By Henry McRandall
The United States and the European Union have been tripping over themselves and each other in recent days in their respective determinations to champion the cause of the richest man in Russia – mega-billionaire Mikhail Khodorkovsky.
Khodorkovsky was sentenced today to an additional six years in prison – on top of the eight years he was already serving – after his conviction on charges of embezzlement and money laundering. And both the U.S. and the E.U. have become positively apopleptic at the possibility this billionaire felon may have to spend even more time behind bars.
U.S. Secretary of State Hillary Clinton, in fact, was both shrill and intemperate in her denunciation of the Russian legal system.
Khodorkovsky’s original conviction – the one that brought him the eight-year sentence – was for fraud and tax evasion.
None of these were petty crimes. In fact, the total amount of money involved in the Russian oil tycoon’s various crimes totalled in the tens of BILLIONS of U.S. dollars.
Similar convictions in either the U.S. or the European Union also call for very lengthy prison terms.
But there is a difference between Russia, on the one hand, and the U.S. and E.U. on the other.
Russia is actually willing to prosecute and even imprison its capitalist billionaires for their corruption and criminality. Amerikkka and the European Union are not.
In fact, the governments of the U.S. and the E.U. countries have probably never seen a capitalist billionaire – or even a capitalist mega-millionaire – they did not want to bow down and worship.
This bizarre political deification of the econocorporate socioeconomic elite throughout the western hemisphere would be hilarious if it weren’t so utterly tragic.
The steadfast refusal of officialdom in either North America or the European Union to accept that billionaires can and do commit crimes and should be punished for their crimes is what has allowed the econocorporate socioeconomic elite to hijack democracy.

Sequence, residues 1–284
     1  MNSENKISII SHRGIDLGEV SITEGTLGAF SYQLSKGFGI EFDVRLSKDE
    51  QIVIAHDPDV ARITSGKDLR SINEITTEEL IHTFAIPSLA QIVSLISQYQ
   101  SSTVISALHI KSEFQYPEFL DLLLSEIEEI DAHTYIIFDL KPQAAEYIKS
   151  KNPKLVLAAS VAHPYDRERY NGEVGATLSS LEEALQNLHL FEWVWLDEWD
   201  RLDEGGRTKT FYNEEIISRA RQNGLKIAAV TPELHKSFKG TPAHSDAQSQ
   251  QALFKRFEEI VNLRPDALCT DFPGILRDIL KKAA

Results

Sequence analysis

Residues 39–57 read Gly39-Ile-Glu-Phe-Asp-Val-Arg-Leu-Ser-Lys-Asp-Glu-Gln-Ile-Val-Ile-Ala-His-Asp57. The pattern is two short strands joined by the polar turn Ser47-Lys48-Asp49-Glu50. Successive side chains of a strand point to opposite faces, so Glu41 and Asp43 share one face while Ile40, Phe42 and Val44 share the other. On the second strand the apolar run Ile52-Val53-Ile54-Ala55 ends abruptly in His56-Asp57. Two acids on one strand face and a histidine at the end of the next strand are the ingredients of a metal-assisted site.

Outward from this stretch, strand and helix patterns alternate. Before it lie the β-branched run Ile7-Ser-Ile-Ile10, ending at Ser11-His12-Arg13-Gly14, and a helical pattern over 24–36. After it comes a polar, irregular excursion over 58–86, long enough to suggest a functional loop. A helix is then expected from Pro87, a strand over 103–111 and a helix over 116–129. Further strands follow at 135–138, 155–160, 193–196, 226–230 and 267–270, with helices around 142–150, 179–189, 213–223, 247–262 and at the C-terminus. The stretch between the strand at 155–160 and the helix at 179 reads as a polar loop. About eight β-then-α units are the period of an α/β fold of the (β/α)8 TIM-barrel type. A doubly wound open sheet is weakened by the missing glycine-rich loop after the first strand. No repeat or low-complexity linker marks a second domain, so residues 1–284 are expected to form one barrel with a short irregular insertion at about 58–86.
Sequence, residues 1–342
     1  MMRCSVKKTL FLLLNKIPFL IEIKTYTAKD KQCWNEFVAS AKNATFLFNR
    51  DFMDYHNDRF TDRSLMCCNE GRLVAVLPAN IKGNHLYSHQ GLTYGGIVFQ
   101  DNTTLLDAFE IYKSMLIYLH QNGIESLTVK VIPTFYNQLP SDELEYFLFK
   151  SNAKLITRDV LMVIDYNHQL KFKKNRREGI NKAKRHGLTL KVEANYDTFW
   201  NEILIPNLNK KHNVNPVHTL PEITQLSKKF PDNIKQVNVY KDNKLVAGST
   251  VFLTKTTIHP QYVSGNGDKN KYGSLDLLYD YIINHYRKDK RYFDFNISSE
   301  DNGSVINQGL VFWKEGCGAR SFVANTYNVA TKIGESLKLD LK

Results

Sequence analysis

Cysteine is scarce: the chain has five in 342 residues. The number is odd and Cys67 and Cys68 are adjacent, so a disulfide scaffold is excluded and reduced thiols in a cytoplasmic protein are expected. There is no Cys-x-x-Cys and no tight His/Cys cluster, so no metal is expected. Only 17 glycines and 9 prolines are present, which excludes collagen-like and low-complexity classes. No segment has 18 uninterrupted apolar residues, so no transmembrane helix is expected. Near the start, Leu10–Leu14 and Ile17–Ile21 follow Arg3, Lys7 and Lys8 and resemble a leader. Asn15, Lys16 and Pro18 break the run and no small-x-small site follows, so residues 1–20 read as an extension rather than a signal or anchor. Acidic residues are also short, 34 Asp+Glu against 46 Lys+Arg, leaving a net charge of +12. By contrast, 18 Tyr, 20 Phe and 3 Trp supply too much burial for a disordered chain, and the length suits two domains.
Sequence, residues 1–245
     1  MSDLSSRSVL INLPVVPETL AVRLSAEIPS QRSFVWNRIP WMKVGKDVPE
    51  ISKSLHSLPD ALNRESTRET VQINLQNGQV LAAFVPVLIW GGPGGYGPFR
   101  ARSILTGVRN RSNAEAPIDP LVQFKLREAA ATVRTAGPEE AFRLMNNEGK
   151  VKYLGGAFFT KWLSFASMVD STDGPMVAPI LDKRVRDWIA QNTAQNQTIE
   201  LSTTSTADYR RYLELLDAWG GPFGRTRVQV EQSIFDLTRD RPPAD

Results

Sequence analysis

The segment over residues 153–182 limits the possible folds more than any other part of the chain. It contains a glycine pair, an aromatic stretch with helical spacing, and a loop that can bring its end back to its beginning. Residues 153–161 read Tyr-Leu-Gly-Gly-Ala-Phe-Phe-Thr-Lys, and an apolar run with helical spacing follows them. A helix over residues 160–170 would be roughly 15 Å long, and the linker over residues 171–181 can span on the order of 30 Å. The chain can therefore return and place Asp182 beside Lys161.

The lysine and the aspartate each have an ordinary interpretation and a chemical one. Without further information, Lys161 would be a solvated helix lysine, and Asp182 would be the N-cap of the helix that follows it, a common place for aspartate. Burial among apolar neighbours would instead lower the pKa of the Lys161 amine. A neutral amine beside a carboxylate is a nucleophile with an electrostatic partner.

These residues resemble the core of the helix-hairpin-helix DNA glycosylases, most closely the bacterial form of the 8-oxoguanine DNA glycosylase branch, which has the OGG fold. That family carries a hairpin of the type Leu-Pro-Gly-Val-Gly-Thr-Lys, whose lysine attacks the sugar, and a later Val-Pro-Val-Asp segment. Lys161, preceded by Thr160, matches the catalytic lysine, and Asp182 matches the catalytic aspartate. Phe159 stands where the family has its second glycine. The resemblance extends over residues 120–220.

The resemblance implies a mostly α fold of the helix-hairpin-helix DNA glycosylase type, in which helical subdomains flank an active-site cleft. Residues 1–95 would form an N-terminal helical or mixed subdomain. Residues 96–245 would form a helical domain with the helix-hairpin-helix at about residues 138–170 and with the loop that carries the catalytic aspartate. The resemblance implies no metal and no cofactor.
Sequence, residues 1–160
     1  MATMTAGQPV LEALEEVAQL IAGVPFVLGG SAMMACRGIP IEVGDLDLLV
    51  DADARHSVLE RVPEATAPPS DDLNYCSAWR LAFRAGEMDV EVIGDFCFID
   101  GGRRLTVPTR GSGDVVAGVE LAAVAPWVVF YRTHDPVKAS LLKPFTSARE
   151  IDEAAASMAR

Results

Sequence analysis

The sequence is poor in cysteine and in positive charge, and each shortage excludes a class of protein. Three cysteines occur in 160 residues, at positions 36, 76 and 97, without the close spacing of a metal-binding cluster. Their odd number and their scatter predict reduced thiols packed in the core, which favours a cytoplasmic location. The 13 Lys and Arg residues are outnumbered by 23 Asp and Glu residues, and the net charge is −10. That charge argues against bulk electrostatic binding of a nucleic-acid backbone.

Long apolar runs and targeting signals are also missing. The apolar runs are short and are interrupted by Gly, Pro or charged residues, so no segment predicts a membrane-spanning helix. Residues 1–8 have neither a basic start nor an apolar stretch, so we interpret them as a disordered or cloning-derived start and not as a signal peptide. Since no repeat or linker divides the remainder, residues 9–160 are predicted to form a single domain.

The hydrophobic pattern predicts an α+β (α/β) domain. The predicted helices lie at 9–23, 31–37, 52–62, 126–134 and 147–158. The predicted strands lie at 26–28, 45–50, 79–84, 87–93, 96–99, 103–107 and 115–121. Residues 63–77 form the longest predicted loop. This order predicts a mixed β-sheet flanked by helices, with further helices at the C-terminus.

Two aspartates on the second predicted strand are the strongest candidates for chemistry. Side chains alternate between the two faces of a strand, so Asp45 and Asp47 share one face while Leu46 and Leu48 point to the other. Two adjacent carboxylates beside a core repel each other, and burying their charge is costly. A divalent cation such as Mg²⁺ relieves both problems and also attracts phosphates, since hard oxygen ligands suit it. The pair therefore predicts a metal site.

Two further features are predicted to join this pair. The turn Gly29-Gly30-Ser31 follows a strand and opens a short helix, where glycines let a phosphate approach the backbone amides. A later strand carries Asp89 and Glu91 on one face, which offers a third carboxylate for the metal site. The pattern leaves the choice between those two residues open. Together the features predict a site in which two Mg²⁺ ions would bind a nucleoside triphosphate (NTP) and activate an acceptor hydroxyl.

Does anyone really believe that anyone can become a mega-billionaire in less than twenty years without resorting to corruption and crime?
Consider Khodorkovsky. Twenty years ago, Russia was still part of the Communist Soviet Union and presumably Khodorkovsky was no more and no less wealthy than his average Communist comrade – in fact, almost inevitably dirt-poor.
We’re supposed to believe this oil buccaneer came from nowhere to accumulate an after-tax fortune of more than $30 billion U.S. in just 15 years without stepping on anyone’s toes, stabbing anyone in the back or exploiting the weaknesses of vulnerable underlings?
For that matter, does anyone seriously believe that Microsoft founder Bill Gates accumlated a net worth of $53 billlion in less than 20 years while paying his fair share of taxes and not resorting to a single episode of corruption or criminality?
The real injustice here is not that Khodorkovsky has been duly prosecuted and imprisoned for his crimes, but that a similarly situated malefactor in either the U.S. or the E.U. would certainly go unpunished and, most likely, even unprosecuted.
Yes, the western politicians and press may decry Khodorkovsky’s appointment with justice but they know they are really defending the indefensible.
U.S., E.U. rush to defend the indefensible
By Henry McRandall